By Rita Boustani
Published April 7th 2005 in The Daily Star
BEIRUT: Less than 24 hours after his ice-breaking visit to leading loyalist member Speaker Nabih Berri, Lebanese opposition leader Walid Jumblatt made a surprise visit to Prime Minister-designate Omar Karami to insist upcoming parliamentary elections be held on time. Jumblatt also said the elections should take place under the aegis of an electoral law last used in 1960 that establishes small electoral voting districts (qadas), a move many believe favors the opposition.
But following the meeting Karami reiterated the loyalist Ain al-Tineh preference for what he called larger electoral districts (mohafazat). Parliament will decide on the draft law once the new government has been formed.
Speaking earlier this week Karami said a new government would be in place by Saturday.
He added the draft electoral law presented to Parliament prior to former premier Rafik Hariri's murder in February, which established qadas but also divided Beirut into three voting districts, a move which was widely seen as unfavorable for Hariri, would be placed before Parliament again once the new government is formed.
Forty-six opposition MPs signed a draft bill Tuesday in line with the 1960 law proposing a new electoral law be based on small districts, rejecting a decision by pro-Syrian Lebanese government loyalists to hold the next elections on the basis of large districts with proportional representation.
The MPs also proposed an amendment to the Constitution's Article 68, which restricts media freedoms, and insisted Beirut remain as one electoral district.
Jumblatt stressed the importance of abiding by the Taif Accord - the agreement that ended the 1975-1990 civil war here - describing it as the "best framework to work with."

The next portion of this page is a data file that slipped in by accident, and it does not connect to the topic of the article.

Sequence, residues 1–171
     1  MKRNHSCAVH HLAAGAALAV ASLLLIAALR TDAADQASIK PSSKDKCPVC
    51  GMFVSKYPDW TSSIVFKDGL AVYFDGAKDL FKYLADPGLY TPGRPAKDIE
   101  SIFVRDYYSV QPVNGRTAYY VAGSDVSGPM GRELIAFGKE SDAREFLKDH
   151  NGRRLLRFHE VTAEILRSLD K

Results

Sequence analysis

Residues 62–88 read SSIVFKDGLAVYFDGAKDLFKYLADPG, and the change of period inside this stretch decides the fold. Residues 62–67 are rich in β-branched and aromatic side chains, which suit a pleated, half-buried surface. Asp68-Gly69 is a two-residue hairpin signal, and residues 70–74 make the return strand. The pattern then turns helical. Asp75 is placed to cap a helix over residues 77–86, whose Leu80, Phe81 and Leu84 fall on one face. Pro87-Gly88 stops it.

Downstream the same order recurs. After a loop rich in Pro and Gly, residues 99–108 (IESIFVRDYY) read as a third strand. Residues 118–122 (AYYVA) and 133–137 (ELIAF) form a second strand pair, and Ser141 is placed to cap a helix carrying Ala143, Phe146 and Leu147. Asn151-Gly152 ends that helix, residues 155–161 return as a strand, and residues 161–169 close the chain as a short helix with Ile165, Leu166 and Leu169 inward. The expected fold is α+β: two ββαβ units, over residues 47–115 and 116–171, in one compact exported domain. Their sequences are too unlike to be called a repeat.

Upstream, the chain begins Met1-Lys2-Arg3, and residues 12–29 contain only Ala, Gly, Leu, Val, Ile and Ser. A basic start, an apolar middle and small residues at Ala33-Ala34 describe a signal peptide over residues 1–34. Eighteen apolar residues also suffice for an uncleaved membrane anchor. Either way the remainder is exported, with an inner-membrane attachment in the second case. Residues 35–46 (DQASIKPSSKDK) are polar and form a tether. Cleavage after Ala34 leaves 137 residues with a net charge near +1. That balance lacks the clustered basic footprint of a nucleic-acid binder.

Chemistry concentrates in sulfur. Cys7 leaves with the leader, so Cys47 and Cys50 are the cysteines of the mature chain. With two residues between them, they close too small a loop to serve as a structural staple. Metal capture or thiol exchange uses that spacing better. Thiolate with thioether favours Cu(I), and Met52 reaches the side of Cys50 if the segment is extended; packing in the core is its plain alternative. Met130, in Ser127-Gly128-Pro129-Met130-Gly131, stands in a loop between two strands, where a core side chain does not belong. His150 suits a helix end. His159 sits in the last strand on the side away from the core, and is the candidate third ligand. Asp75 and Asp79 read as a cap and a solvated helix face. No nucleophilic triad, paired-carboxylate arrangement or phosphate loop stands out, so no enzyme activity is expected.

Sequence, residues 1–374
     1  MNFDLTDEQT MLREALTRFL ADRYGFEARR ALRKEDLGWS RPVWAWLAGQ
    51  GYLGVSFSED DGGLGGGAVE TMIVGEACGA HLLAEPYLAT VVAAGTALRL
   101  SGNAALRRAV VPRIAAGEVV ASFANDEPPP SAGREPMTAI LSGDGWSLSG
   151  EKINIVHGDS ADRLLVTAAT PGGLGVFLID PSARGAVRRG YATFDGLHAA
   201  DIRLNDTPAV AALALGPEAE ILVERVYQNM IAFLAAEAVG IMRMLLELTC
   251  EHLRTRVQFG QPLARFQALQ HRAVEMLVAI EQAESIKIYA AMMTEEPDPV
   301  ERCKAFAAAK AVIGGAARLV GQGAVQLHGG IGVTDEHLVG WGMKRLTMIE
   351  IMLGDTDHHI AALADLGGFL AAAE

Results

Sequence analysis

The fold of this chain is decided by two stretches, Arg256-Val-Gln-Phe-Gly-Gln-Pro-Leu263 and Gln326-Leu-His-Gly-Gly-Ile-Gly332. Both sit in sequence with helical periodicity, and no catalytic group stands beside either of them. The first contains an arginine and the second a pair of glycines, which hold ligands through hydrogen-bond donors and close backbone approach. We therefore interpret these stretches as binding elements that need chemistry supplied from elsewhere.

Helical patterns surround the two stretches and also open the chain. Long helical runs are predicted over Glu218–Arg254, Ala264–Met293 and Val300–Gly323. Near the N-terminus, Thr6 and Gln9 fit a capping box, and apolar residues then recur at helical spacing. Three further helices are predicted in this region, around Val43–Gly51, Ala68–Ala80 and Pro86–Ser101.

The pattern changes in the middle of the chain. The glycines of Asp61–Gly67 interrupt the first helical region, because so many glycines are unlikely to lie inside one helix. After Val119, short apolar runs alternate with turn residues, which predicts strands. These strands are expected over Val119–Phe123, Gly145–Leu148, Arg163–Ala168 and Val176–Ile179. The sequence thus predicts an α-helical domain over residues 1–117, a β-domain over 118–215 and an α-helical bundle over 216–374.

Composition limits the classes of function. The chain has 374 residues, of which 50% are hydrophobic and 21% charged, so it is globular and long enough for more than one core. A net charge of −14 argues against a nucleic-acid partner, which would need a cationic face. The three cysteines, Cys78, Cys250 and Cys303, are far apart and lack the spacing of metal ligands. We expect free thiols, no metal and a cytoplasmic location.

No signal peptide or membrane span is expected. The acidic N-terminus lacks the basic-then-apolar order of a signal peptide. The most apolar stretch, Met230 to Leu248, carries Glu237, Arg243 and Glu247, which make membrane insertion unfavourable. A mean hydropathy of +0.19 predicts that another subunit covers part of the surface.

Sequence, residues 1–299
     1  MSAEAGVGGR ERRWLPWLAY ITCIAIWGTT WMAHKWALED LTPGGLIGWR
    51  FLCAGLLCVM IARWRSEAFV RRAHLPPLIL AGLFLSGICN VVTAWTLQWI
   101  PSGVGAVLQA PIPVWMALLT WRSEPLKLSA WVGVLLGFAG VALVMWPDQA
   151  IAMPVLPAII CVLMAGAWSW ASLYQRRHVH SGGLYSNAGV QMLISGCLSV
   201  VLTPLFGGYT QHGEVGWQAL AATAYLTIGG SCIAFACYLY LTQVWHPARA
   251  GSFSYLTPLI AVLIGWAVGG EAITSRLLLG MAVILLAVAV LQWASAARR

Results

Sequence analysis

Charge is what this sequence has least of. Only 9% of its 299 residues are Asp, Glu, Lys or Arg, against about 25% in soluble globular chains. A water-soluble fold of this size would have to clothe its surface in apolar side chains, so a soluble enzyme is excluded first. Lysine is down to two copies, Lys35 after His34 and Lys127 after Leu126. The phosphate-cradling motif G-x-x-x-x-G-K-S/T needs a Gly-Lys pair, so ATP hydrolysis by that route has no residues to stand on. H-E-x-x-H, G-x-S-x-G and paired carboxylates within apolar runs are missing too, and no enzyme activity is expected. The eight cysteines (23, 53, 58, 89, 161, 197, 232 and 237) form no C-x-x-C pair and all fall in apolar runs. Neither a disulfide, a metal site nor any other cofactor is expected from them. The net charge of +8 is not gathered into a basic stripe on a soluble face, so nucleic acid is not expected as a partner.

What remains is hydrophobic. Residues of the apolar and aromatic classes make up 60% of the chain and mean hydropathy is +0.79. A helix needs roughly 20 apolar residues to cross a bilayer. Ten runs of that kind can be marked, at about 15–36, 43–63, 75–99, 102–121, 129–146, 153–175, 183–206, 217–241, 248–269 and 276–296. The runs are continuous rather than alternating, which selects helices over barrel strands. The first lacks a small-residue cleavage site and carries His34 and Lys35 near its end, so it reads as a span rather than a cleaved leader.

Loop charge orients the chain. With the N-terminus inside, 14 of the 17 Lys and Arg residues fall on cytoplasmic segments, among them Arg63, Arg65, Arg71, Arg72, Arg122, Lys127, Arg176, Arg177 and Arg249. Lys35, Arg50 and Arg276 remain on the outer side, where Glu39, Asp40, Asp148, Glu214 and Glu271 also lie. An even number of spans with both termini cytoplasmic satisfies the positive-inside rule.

He added he was wary of "the small print of UN Security Council Resolution 1559 and its consequences." The present Cabinet, which resigned February 28 after massive public demonstrations, had endorsed a new electoral law on January 27 dividing the country into small electoral districts along confessional lines, with a voting system based on the majority vote.
But, Berri said last Friday that a new government would soon draw up an electoral law based on larger districts with changes favoring the pro-Syrian camp.
On Tuesday Jumblatt made a surprise visit to Berri, who is also head of the Ain al-Tineh gathering of government loyalists, and stressed the need to hold elections on time to conform to the Taif Accord, the agreement that ended Lebanon's 15-year civil war.
The opposition member's visit created a wave of reactions among Lebanese officials, as all eyes turned to the upcoming elections and the necessity of preventing further delay.
Pro-Syrian Beirut MP Nasser Qandil said after meeting Karami that Jumblatt's visit to the speaker was a breakthrough in attempts to resolve the government crisis.